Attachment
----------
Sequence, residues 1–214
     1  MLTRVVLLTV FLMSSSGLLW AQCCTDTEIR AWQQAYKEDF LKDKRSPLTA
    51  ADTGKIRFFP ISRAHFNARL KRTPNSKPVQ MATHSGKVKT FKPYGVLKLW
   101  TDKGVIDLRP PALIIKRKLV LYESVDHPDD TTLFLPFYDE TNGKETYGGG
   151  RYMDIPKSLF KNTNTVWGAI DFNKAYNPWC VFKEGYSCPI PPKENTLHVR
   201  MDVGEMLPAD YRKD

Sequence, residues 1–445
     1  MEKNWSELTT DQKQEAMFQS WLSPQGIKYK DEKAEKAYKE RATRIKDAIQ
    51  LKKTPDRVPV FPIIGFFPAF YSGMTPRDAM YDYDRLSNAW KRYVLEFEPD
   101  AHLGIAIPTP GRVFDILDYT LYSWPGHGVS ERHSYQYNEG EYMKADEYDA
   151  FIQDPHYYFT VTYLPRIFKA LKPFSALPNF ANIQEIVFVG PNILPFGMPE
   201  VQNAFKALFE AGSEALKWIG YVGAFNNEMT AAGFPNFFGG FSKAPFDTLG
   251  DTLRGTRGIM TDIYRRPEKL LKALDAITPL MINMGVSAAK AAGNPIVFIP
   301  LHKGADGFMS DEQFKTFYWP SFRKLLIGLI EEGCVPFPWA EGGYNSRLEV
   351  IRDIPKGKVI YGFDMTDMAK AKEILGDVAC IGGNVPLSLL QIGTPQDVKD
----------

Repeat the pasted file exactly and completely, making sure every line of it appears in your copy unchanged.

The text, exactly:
Sequence, residues 1–214
     1  MLTRVVLLTV FLMSSSGLLW AQCCTDTEIR AWQQAYKEDF LKDKRSPLTA
    51  ADTGKIRFFP ISRAHFNARL KRTPNSKPVQ MATHSGKVKT FKPYGVLKLW
   101  TDKGVIDLRP PALIIKRKLV LYESVDHPDD TTLFLPFYDE TNGKETYGGG
   151  RYMDIPKSLF KNTNTVWGAI DFNKAYNPWC VFKEGYSCPI PPKENTLHVR
   201  MDVGEMLPAD YRKD

Sequence, residues 1–445
     1  MEKNWSELTT DQKQEAMFQS WLSPQGIKYK DEKAEKAYKE RATRIKDAIQ
    51  LKKTPDRVPV FPIIGFFPAF YSGMTPRDAM YDYDRLSNAW KRYVLEFEPD
   101  AHLGIAIPTP GRVFDILDYT LYSWPGHGVS ERHSYQYNEG EYMKADEYDA
   151  FIQDPHYYFT VTYLPRIFKA LKPFSALPNF ANIQEIVFVG PNILPFGMPE
   201  VQNAFKALFE AGSEALKWIG YVGAFNNEMT AAGFPNFFGG FSKAPFDTLG
   251  DTLRGTRGIM TDIYRRPEKL LKALDAITPL MINMGVSAAK AAGNPIVFIP
   301  LHKGADGFMS DEQFKTFYWP SFRKLLIGLI EEGCVPFPWA EGGYNSRLEV
   351  IRDIPKGKVI YGFDMTDMAK AKEILGDVAC IGGNVPLSLL QIGTPQDVKD